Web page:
I first seriously got into Alan Kay's ideas about ten years ago, when YouTube became a thing. I watched The Computer Revolution Hasn't Happened Yet (YouTube). My eyes were opened. The typical story of personal computing is one of innovation, revolution, exploding possibilities, exponential curves of processing power per dollar. However, Alan Kay has a much bleaker view of the current timeline because he dreamed a bigger dream before it all started.
Alan Kay invented Smalltalk and Object-Oriented Programming. He reads more than a book per day. He has worked at Xerox PARC, Atari, and Apple. He's currently the president of the Viewpoints Research Institute.
When you go into universities or into companies, what are they using? They're using laptops. These are machines from the past. You're not going to get anything but incremental improvements with that.
Alan Kay is encouraging large companies to spend more money on research that generates new inventions that change the context. For instance, Apple is still busy reproducing the computing environment they had at PARC, which included OOP, networked computing, and GUIs.
In this talk, Alan Kay explains the who, how, and why of the research done at Xerox PARC, and why that kind of research doesn't happen nowadays.
Presented in 1997 at the OOPSLA conference, Alan Kay's keynote was a harbinger of the ideas he would present in the twenty years hence. This is a must-watch talk.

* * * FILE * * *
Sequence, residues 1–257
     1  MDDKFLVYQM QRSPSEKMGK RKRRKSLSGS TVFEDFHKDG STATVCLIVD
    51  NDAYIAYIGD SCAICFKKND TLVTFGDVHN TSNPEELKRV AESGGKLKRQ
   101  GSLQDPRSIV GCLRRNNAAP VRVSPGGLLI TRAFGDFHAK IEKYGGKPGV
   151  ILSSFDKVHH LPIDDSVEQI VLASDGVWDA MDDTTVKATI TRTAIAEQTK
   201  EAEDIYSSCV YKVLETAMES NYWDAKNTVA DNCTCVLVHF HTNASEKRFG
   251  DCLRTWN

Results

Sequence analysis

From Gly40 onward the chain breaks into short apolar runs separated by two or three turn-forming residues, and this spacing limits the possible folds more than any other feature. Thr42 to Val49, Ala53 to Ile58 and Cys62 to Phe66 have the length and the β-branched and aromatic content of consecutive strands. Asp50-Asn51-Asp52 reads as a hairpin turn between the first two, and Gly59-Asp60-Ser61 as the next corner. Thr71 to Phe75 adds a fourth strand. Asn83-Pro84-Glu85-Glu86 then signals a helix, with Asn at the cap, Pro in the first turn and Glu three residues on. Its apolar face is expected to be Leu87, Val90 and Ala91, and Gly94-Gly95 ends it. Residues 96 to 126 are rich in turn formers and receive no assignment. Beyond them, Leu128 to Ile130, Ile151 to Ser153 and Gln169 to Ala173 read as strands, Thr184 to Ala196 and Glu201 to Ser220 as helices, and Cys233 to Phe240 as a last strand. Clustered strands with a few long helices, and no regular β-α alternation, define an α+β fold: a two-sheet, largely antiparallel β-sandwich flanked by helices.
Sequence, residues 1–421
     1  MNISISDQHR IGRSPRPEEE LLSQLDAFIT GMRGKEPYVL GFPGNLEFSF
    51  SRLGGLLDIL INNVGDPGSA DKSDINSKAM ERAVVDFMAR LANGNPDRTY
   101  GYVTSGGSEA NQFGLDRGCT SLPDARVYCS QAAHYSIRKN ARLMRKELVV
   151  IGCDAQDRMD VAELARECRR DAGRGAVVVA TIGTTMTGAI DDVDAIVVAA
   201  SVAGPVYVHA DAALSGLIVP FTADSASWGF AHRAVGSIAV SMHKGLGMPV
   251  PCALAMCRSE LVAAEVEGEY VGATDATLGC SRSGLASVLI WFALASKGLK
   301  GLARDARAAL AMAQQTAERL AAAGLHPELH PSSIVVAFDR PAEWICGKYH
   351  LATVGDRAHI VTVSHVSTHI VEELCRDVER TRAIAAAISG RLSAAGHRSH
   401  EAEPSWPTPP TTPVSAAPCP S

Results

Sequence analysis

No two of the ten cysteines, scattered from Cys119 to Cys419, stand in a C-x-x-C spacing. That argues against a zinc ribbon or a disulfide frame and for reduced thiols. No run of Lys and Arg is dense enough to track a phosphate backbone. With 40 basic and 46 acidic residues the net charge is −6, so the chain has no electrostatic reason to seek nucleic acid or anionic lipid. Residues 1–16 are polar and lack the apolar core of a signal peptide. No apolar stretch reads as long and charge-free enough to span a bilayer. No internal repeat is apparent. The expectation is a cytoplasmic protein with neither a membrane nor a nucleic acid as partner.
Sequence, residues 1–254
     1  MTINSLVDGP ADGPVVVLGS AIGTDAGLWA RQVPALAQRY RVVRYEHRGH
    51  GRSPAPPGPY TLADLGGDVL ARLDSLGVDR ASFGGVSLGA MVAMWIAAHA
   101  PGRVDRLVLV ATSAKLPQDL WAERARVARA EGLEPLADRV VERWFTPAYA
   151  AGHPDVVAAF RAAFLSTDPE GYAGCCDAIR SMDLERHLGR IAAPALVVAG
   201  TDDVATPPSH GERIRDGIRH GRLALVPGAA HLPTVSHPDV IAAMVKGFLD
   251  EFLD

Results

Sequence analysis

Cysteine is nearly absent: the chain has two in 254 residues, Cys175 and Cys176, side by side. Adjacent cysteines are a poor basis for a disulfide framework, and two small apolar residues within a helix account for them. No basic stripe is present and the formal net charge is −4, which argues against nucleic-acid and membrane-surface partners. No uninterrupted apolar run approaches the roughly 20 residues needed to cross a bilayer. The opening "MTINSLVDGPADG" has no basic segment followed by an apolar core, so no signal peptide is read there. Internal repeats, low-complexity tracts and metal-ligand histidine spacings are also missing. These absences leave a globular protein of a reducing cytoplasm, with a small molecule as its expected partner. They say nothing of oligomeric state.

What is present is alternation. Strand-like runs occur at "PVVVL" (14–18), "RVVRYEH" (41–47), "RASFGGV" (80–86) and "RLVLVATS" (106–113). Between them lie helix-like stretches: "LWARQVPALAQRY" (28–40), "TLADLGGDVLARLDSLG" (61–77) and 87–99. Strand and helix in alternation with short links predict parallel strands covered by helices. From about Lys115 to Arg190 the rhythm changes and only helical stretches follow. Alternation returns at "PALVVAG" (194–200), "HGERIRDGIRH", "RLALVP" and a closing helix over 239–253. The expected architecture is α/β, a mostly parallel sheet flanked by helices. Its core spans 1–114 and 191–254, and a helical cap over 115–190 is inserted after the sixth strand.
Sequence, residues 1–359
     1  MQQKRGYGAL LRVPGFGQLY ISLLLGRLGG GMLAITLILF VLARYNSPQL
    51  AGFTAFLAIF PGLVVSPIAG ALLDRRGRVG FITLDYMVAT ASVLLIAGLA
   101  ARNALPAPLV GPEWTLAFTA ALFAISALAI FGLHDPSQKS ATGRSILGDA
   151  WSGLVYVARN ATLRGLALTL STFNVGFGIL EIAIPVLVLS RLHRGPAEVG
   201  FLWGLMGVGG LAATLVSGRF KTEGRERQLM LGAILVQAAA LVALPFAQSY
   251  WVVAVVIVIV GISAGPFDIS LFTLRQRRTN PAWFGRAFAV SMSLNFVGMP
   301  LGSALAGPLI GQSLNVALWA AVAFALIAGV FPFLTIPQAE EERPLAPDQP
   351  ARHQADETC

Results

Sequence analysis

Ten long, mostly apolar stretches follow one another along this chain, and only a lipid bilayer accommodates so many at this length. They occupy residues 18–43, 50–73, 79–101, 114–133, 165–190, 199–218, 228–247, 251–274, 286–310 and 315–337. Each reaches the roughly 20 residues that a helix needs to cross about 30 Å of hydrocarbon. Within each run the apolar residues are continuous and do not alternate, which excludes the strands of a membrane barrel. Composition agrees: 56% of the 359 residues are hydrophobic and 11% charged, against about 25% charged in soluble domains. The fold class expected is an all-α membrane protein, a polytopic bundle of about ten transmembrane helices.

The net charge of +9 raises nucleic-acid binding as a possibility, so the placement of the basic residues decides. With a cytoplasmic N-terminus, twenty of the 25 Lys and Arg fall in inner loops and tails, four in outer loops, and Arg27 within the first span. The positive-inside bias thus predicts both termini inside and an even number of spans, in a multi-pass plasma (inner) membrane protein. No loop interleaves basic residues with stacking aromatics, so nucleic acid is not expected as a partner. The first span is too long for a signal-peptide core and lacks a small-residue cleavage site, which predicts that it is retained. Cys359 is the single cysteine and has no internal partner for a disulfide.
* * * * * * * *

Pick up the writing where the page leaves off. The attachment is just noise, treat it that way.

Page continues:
The Computer Revolution tickled those feelings inside me that were not satisfied with how software is made, with the things we can do with our computers, and how little the computers help us. The talk was already ten years old when I first saw it, but the message is still relevant and probably will be for a long time.
Alan Kay, back in 1972, presenting bitmapped fonts, images inline with text, and other crazy stuff from his research.
Alan Kay talks about the educational ideas behind Smalltalk. This is an amazing lesson in theories of how we learn, especially learning by doing. If you don't know, much of Alan Kay's work has centered around how to make computing into a medium for kids to learn in.
Most software today is very much like an Egyptian pyramid with millions of bricks piled on top of each other, with no structural integrity, but just done by brute force and thousands of slaves.
Statements like this make me sad. I want to help but what can I do?
This paper documents the influences that led up to Smalltalk, how it happened (it was a bet!), and the lessons they learned about it.
As an Alan Kay fan, I was surprised to discover this gem of an interview. It's almost three hours long. He talks about the history of computing, education, and some of the research at Xerox PARC.
Alan Kay's PhD Thesis, which describes the machine he called "The FLEX Machine".